In the zone of deep, transcendent play there is calm but also focused readiness. Emotions are primed and ready for release. It is a state not unlike a kind of simulated anxiety attack, say researchers, but without the adrenaline and endocrine responses that normally accompany a real emergency.
Such moments of heightened awareness represent what University of Chicago researcher Mihaly Csikszentmihalyi has described as a state of ‘flow,’ when a person becomes so involved in an activity that nothing else seems to matter. Awareness of the task at hand acquires a kind of meditative brilliance. Mindfulness zeroes in like a laser beam. Everything feels in harmony. In the flow, we feel satisfied.
But the benefits of play are not limited to moments of peak performance. We can find satisfaction in subtle, everyday routine as well. In her book, Deep Play (Random House, 1999), Ackerman describes the rapture of standing among a ‘vast city-state’ of emperor penguins in Antarctica.
Yet she also discovers a transcendent, if not quite so exotic, pleasure in bicycling through her neighborhood or gardening in the back yard. Play is infinitely open-ended in its expression; one person’s drudgery can be another’s ecstasy. In Flow: The Psychology of Optimal Experience (HarperCollins, 1991), Csikszentmihalyi tells the story of a 60-year-old factory worker named Joe who lived on Chicago’s South Side. Joe built railroad cars in a huge hangar. Conditions there were harsh, unprotected as it was from Chicago’s extremes of weather. And Joe, who had only a fourth-grade education, was on the low rung of the factory.
Yet, Csikszentmihalyi notes, Joe was one of the happiest people he had ever met. At work he was exactly where he wanted to be. He had no desire to be a foreman because he only wanted to fix the machinery, which he did better than anyone else.Joe’s passion for fixing things didn’t end at work. At home he had built a rock garden with an underground sprinkler and a lighting system that created rainbows in the mist. In the evenings, Joe and his wife could sit on their porch surrounded by rainbows. He had made of his life one seamless expression of a particular passion—building and fixing things. He was completely absorbed in his interests. In his living and in his working, Csikszentmihalyi concludes, Joe was a man who knew how to play.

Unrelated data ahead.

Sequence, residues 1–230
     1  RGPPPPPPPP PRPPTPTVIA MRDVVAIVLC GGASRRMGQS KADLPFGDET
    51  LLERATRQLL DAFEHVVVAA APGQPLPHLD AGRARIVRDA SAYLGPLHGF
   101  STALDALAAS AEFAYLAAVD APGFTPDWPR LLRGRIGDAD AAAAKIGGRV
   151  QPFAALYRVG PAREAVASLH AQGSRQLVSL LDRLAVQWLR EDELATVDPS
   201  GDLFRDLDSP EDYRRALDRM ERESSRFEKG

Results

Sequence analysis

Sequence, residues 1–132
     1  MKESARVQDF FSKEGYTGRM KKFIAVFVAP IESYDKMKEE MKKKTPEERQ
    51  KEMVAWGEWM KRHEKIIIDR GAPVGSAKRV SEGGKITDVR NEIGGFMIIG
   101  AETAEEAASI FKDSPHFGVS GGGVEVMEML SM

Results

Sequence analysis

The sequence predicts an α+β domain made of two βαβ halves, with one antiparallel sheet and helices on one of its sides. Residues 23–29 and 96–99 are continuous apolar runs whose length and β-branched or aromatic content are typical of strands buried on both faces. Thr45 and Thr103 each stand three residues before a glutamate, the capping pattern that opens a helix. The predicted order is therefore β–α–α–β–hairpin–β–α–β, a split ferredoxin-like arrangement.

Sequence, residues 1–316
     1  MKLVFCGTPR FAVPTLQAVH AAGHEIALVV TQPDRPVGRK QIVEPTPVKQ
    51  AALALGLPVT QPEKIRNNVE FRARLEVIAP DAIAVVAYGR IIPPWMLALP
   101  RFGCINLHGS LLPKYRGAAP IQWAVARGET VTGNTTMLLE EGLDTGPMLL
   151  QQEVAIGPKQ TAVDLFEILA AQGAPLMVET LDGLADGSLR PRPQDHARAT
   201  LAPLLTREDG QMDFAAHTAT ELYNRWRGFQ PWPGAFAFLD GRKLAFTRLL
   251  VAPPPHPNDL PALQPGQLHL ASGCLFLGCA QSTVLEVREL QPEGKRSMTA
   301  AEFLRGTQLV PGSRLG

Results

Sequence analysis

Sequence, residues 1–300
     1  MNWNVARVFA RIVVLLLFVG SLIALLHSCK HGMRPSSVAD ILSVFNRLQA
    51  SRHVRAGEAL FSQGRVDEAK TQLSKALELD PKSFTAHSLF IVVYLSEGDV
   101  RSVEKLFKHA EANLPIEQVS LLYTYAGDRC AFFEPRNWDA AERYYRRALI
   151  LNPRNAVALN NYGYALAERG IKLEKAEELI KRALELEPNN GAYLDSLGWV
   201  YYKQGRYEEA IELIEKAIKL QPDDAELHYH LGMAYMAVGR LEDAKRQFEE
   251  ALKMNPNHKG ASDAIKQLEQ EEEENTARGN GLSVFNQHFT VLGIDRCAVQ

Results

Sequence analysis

I once watched Lillian and her friend Krissy play with dolls and a large wooden doll house. Each of them alternately introduced a theme, such as ‘Pretend we’re baking a pie for your brother’s birthday, but he hasn’t come home yet, and I’m the mother and I’m worried.’ A few minutes of this scenario would follow, eventually to be punctuated by the two words that signaled time for a change, ‘Pretend that . . .’ and after some tussle negotiating the details, they’d be off on a new scenario of fun and fantasy.
I was struck by how thoroughly engaged they were—and how I envied them. If, as it is said, children think heaven is being an adult and adults think heaven is being a child, then in that moment their world seemed like heaven to me. The way they played was so natural, so complete.
I say, let’s pretend we’ve created a world where we all work reasonable schedules with plenty of time to laugh and play and just enjoy each other. Let’s pretend we’ve let go of our worries about money and power or whatever we think we want that we don’t have. Let’s pretend we’ve created a less strife-torn world, one in which we’ve learned to relax more and mistreat each other less.
I say, let’s pretend, let’s rediscover what any child knows about the truth of living in the moment. And how wonderful it is to be fully human, fully alive. Who knows? If we play it for all it’s worth, we might just make it happen.
Originally published in Utne Reader (March/April 2001).